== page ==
In the last three years, there has been an explosion in the development and variety of hardware available for collecting laser scanned pointcloud data. Scanning hardware is getting cheaper and faster. The choice range for data collection is vast and varied, depending on your needs. However, to use the most cost-effective method of data collection, clients need to engage with their surveyor and discuss what they are trying to achieve.
Lightweight tripod mounted scanners, like the FARO Focus have been the workhorse of many survey businesses. Also including mobile scanners like the more recent handheld GeoSLAM Revo. Accuracy, speed, capability and the end deliverable differentiate these two methods of data collection. These considerations should be discussed with your surveyor when deciding what approach to take.
So, what are the differences?
If you have commissioned a measured building survey in the last 5 years, the chances are that part or all of it has been collected by a FARO Focus tripod-mounted scanner. We own 5 of these scanners at SUMO. This type of scanner integrates easily with a control network of targets and can provide a level of accuracy equivalent to legacy 1:50 scale or +/-15mm across a building. They provide dense data which has a medium level of cleanness. The scanners also have an on-board colour camera. Newer models offer HDR imaging, though colour scanning takes additional time. Data collected this way can also be hosted on the internet and shared with our clients using FARO Webshare or Leica Truview. We expect to collect between 800 and 2,000m² in a day with this type of scanner.
Mobile scanning has been around for a long time. More recently has become cheap enough for mainstream applications. What makes it unique, is the speed of data collection. This can easily reach between 6,000 and 10,000m² of floor area in just one day. SUMO collected 250,000m² of data using the handheld GeoSLAM Revo last year across the UK school estate. The speed comes at a cost in other areas. Accuracy, density and cleanness of the pointcloud is lower than tripod mounted scanning and client delivery methods like web hosting are not available. Additionally, colour photography does not integrate well with mobile data. This method offers accuracy equivalent to 1:100 scale or +/-30mm across a building compared to 1:50 scale and +/-15mm with a tripod mounted laser scanner. However, the way mobile data is registered allows collection in ways not possible with tripod mounted scanners. This includes scanning ceiling voids through individually removed ceiling tiles.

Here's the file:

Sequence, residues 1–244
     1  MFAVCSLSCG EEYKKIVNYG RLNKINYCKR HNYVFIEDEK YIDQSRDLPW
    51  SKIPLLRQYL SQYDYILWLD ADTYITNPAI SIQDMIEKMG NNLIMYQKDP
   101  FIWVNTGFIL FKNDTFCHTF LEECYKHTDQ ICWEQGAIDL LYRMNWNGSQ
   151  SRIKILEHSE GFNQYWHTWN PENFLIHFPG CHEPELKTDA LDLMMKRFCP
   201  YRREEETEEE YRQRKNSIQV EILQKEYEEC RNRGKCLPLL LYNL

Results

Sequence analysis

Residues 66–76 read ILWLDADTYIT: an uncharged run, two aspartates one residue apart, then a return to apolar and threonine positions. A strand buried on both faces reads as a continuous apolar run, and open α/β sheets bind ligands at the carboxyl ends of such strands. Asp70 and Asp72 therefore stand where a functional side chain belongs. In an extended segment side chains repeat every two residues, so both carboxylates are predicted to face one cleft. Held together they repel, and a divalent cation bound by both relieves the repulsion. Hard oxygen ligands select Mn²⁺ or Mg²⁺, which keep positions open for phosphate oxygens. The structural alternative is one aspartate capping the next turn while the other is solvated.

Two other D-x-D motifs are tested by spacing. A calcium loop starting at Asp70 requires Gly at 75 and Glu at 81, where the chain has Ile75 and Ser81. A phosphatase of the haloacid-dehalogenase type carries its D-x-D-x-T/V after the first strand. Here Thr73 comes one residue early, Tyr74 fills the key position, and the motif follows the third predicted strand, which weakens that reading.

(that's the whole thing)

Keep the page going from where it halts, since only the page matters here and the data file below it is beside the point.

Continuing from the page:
The two collection methods can also be used successfully together. For example, initially using mobile scanning to provide feasibility quality scan data across a whole site, followed by more detailed localised tripod mounted scanning in specific areas. Using tripod mounted scanning on the floor plate, combined with handheld scanning of ceiling voids is another example where the two methods complement each other.
The key to choosing the right method is to help your surveyor understand what you are trying to achieve. This will ensure that the data collected is suitable for the work to be done with it. SUMO is always happy to discuss the right way to collect the data you need in the most cost effective manner.
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